The Brazilian Grand Prix turned out to be a dry race even though predictions had a possibility of rain. The race, however, still had dram with Pirelli’s high-degradation tires prompting three-stop strategies for most teams and only the most adventurous settling for a two-stopper.
After 71 laps, Mercedes AMG Petronas driver, Nico Rosberg, claimed victory in a race he desperately needed to win in order to stop the decay of his title chances. The win shaves Lewis Hamilton’s point lead from 24 down to 17 as we head into the season finale in Abu Dhabi that pays out double points.
Nico dominated the weekend in Brazil having led all practice sessions as well as qualifying sessions and even with pressure mounting from Hamilton, Rosberg held off his teammate, managed the gap and his tires to secure the win. Rosberg had be accused of not being able to hold off Hamilton and there is evidence of that this season but in Brazil, he had to do it and did.
Hamilton attempted to throw down two hot in-laps just prior to his second pit stop but on dodgy tires, he spun at turn 4 and cost himself an estimated seven seconds to Rosberg. Some suggest he would have had a 0.3s lead had he not spun. Hamilton later radioed the team and told them he can’t do a two-lap shot like that again prompting and apology form the team after the race.
Regardless, Hamilton drove a patient and measured race to second and a win would not have secured the title for him in Brazil so the pressure is on Nico, not Lewis. Patience is also what it took for Williams F1 driver Felipe Massa to claim the third step on the podium at home.
If Nico Rosberg wins in Abu Dhabi, Lewis can finish no worse than second to claim the title.
As many suggest the sun is setting on Jenson Button’s F1 career, the British world champion threw down a stonking drive to finish fourth while his teammate—much rumored to be the driver McLaren will keep—struggled to 9th. There are many drivers on the F1 grid incapable of hanging with Button and it would be a shame if the Brazilian Grand Prix was the penultimate race of his career.
Toro Rosso’s race sunk under the pressure of a weak strategy as Nico Hulkenberg and Valtteri Bottas pushed the young Russian just out of the points but as much as that hurt, his teammate was never a factor as Jean-Eric Vergne finished 13th.
Pirelli’s choice of compounds created a lot of drama as teams struggled with blistering, high wear and graining all weekend.
Felipe Massa claims a win as he scored a podium finish despite his own efforts to ruin his race by a 5-second pit lane speeding penalty and then stopping at the wrong pit box. Regardless, he managed to remain patient and finsish 3rd.
A win for Button who showed the world that his time in F1 is not over as far as his skills are concerned and that only politics and money could justify his non-inclusion in the 2015 season—a great 4th place drive and battle with Kimi Raikkonen.
Nico Hulkenberg had a good result after struggling of late with his 8th place finish. The German started on the harder or Prime compound and led the race for a brief while.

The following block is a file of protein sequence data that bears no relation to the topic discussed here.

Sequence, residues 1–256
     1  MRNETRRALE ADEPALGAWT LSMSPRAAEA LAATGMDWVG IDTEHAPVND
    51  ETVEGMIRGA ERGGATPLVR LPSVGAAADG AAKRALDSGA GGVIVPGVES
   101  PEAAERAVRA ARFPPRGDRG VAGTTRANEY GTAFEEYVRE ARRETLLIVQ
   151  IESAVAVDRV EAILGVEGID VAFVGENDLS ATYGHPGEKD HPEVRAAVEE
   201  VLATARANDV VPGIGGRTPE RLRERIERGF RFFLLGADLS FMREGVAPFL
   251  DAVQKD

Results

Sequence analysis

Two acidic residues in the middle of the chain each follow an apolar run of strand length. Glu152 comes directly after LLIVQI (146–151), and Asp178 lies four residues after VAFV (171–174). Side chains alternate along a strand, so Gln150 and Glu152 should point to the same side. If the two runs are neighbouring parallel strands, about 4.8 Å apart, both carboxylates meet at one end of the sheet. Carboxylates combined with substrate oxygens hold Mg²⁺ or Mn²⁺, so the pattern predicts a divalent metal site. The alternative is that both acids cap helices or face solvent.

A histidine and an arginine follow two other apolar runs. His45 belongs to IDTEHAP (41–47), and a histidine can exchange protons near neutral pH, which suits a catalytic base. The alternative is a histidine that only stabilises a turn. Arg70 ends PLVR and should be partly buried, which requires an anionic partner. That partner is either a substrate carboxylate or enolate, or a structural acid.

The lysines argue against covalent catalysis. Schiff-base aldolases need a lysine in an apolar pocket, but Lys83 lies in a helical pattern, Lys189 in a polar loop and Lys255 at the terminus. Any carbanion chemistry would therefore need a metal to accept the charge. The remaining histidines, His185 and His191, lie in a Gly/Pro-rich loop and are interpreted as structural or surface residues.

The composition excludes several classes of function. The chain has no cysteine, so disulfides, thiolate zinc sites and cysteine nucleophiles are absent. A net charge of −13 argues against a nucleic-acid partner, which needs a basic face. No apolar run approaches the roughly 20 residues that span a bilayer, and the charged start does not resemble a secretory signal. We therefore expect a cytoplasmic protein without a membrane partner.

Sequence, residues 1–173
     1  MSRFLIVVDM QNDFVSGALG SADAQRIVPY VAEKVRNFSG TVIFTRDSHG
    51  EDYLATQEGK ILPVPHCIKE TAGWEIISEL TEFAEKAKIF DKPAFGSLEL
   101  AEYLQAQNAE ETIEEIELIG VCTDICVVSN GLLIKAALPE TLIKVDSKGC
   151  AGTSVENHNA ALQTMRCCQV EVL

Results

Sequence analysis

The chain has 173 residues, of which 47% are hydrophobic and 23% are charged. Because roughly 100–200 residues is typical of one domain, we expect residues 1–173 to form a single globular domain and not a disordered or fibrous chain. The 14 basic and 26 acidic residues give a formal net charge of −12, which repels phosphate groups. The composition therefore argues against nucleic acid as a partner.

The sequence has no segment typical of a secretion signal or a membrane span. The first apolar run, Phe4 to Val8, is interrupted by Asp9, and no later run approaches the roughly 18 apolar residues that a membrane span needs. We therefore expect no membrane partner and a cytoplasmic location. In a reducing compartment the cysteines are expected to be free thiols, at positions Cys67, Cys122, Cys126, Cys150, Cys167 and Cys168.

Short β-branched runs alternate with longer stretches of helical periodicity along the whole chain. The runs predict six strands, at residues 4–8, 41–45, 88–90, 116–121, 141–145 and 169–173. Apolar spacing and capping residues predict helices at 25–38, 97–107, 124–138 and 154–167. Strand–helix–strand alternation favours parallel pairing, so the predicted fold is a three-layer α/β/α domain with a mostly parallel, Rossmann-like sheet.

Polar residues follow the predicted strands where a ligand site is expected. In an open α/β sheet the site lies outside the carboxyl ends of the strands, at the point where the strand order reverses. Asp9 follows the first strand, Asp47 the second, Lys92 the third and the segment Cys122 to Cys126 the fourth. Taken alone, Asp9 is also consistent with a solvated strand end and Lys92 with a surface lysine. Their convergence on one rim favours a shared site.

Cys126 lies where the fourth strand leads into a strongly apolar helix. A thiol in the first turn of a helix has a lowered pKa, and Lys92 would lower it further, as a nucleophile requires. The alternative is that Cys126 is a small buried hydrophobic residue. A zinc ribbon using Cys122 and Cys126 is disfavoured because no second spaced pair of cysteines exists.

Red Bull’s Sebastian Vettel quietly drove to a nice 5th place finish while his teammate, Daniel Ricciardo suffered a DNF with a suspension failure on lap 40.
Daniel Ricciardo suffered a suspension failure that, if memory serves, is the first DNF since Malaysia.
A fail for Valtteri Bottas who looked on pace with his teammate, Felipe Massa, but suffered a 5.9 second pit stop and was shoved off track by Nico Hulkenberg only managing to finish 10th while his teammate, with equal troubles managed a podium.
Both Saubers suffered a dismal race to finish 1th and 16th and Force India’s Sergio Perez struggled to recover from his 7-place grid penalty to only manage 15th.
It may be easy to do but veteran Felipe Massa decided he’d stop at the wrong pit box during his stop costing serious time. Thankfully Jenson Button wasn’t close enough to take advantage of the gaffe but Massa also sped in the pit lane and suffered a 5-second penalty in a race that many felt might have Williams mixing it up with the Mercedes duo.
Ferrari’s front jack system needs a serious re-think as it failed dropping Kimi Raikkonen’s car too early with an unsecured front right wheel. Kimi came out in 13th place so his recovery drive and ability to dice it with out-going Alonso was a noble effort.
Lotus driver Romain Grosjean suffered another DNF, the seventh of the season, in a team that one would hope had at least gotten on top of some semblance of reliability at the next to last race.
At the bottom of my notes, I hate boldly scrawled…WTH!! When Nelson Piquet’s only comment to Lewis was, “where’s your hot girlfriend” I was stunned. Thankfully he had a follow-up question but that was out of sync and odd too. Nelson wins the prize!
|5||Sebastian Vettel||Red Bull/Renault||51.420s|
|8||Nico Hulkenberg||Force India/Mercedes||1m03.934s|
|10||Valtteri Bottas||Williams/Mercedes||1 Lap|
|11||Daniil Kvyat||Toro Rosso/Renault||1 Lap|
|12||Pastor Maldonado||Lotus/Renault||1 Lap|
|13||Jean-Eric Vergne||Toro Rosso/Renault||1 Lap|
|14||Esteban Gutierrez||Sauber/Ferrari||1 Lap|
|15||Sergio Perez||Force India/Mercedes||1 Lap|
|16||Adrian Sutil||Sauber/Ferrari||1 Lap|
|17||Romain Grosjean||Lotus/Renault||8 Laps|
|–||Daniel Ricciardo||Red Bull/Renault||Retirement|